• BP3-developed controls will integrate seamlessly with our existing components. Look and feel are important visual components, but the BPM developers will also get to use familiar configuration options without you needing to mimic the Brazos UI styles.

BP3 development of a modified or new Brazos UI control is “paid” for in one of three ways:

  1. Time. A change that is easily implemented and with broad interest is likely to be taken up by the dev team quickly. More complicated changes that are of limited use and have not been previously requested may be placed in the queue but with a low priority. If you have the time, this is may be the cheapest of options, but you should always look at the larger picture and weigh the impact of waiting on your users and business. Note that if we see many different users needing a similar solution, then it will receive higher priority for implementation. This is why you are asked to submit your requests as help tickets. A feature request that was delayed or on hold will be revisited with each request that comes in (we consider requests by organization, not user so don't just have everyone on your team submit the same help ticket!).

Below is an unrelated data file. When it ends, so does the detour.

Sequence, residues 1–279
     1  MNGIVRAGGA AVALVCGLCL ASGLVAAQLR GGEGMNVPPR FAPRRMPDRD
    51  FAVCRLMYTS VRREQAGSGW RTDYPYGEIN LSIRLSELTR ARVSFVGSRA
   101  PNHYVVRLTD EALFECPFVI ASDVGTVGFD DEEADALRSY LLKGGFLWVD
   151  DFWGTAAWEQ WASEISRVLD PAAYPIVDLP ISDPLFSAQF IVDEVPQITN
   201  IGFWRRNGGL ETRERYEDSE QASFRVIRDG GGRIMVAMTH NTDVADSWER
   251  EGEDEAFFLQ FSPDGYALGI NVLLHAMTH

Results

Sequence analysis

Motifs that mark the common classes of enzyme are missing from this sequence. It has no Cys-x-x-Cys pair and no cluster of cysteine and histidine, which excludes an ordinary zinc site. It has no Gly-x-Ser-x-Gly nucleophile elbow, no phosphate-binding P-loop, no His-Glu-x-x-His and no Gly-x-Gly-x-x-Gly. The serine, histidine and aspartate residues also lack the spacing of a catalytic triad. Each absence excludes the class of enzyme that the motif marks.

2. Support Contracts. Brazos support comes in three levels: silver, gold, and platinum. One facet of the support tiers is with feature requests; the platinum support level receives the highest priority when it comes to feature requests. This is just one of the perks of an improved support contract.
  3. Custom Work Contract. We don't typically want or need to resort to a-la-carte development contracting, but this may be an option for a control that is of high priority for you but also narrowly focused in its use. In these cases it may not make sense to include the control in the wider Brazos UI toolkit and so developing a custom deliverable may be the preferred approach.

You Do the Development – with BP3's Guidance